Let me morph an old proverb as an answer: The proof of the pudding can be found on the receiving. You will need to understand the lived experiences of those you hold prejudices against or at minimum listen to their voices.

Being a professional

A view of professionalism

Providing competent professional service is a two-act structure consisting of knowledge of the tools and processes as well as knowing the population you serve.

Knowing the population you serve may seem like a purely intellectual enterprise ringed with the ideals of objectivity and distance. Yet, we need to recognize the affective component of knowing any population that hinders objectivity.

A professional can never be truly object; we all experience people and situations through the lens of our beliefs, values, goals, history, and worldview.

Perhaps to truly approach objectivity requires self-awareness of your personal goals, motivations, and reason for what you have chosen to profess.

Attitude Inoculation

There is a way to resist negative peer pressure or the judgemental conduct of others around you: Make a public commitment to your position and welcome mild attacks.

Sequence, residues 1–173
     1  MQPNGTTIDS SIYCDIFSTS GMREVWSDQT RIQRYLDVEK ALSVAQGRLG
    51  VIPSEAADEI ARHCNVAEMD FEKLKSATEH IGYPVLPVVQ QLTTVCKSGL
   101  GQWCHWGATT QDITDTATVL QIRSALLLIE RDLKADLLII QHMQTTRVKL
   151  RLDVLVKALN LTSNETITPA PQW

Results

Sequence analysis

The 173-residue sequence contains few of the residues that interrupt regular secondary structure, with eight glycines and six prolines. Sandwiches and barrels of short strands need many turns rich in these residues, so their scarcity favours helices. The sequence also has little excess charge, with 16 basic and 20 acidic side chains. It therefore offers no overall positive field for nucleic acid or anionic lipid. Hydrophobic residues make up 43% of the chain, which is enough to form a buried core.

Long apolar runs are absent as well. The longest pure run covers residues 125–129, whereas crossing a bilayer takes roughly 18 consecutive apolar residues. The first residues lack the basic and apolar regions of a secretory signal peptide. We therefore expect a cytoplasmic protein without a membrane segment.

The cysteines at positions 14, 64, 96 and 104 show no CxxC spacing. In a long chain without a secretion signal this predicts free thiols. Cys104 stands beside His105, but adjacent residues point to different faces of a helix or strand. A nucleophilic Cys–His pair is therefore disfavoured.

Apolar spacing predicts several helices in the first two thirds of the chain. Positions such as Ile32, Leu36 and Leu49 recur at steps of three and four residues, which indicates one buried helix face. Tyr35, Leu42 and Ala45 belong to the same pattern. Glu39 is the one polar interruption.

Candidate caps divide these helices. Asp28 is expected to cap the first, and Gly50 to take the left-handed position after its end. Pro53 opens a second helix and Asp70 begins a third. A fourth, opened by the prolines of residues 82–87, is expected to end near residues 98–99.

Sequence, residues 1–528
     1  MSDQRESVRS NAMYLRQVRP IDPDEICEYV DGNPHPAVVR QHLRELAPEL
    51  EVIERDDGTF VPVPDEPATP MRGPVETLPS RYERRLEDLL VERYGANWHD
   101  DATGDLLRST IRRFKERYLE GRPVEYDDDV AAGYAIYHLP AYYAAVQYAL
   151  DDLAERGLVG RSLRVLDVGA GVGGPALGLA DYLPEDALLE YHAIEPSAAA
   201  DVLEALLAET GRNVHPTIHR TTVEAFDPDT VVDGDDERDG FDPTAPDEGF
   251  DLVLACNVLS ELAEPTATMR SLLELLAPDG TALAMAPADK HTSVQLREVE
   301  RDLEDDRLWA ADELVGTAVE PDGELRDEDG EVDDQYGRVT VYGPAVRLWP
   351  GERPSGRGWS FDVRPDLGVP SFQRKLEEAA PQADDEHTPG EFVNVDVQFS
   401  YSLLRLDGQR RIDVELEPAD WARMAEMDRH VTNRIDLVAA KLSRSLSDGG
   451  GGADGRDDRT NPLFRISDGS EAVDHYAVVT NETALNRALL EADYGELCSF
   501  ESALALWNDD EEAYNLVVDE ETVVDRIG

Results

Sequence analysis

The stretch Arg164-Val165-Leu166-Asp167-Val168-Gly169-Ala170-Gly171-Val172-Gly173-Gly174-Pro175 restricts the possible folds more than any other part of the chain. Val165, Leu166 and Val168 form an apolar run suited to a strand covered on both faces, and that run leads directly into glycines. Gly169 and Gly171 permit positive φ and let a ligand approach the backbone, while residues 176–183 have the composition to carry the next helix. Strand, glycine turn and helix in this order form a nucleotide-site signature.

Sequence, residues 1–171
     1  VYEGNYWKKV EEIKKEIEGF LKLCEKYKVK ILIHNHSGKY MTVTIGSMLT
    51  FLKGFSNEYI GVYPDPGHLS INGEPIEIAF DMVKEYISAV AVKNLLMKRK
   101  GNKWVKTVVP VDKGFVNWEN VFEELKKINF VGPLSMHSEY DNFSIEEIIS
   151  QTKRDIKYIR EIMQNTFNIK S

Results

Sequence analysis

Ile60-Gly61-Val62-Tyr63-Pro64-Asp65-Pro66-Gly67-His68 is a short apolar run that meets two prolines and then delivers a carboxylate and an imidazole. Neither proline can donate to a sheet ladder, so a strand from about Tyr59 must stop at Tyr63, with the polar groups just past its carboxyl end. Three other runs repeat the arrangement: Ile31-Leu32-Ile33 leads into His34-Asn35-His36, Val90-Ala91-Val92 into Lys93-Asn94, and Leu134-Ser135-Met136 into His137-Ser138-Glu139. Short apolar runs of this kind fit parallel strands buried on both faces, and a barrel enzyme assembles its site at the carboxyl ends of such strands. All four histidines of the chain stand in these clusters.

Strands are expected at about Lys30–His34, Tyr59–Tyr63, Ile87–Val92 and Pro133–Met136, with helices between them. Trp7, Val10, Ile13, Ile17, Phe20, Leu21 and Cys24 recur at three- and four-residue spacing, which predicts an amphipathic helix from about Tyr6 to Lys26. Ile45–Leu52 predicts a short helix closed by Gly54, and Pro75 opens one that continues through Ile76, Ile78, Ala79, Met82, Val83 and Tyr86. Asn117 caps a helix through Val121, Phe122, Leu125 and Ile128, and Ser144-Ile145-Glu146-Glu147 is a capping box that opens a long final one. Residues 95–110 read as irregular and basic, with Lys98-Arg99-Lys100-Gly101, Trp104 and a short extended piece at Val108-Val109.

At the start of any negative interaction, stating your commitment to your position or conviction publicly is key. Standing up to your conviction will make you less susceptible or open to negative peer pressure or shaming.

Research shows that when you attack a committed person just enough for them to react but not become overwhelmed (a mild attack), they become more committed.

In fact, several mild attacks can immunize a person and empower them to resist more powerful attacks against their position.

Mild attacks stimulate us to reflect on counterarguments. Several studies suggest that counterarguing helps people build their resistance against persuasion.

James Damore: Before reading


James Damore, a former senior engineer for Google, seemed to have done himself in through a self-inflicted wound. Sports  analogy. He did an own-goal.

Before reading his paper, I want to reflect on my secondhand encounters with his memo. In fact I am going to pursue an important reading strategy that involves before, during, and after reading questions to construct meaning.



I must say that I am prone to being biased or skeptical when it comes to using biology and the study of human behavior to explain social issues or patterns. I’d much prefer if we all just blamed the media.

Although, my background is in social sciences, I still think that social science is pseudoscience. Why? I’ll be generous. Humans are at best 2 parts rational to 1 part irrational, while biology deals only with rational things.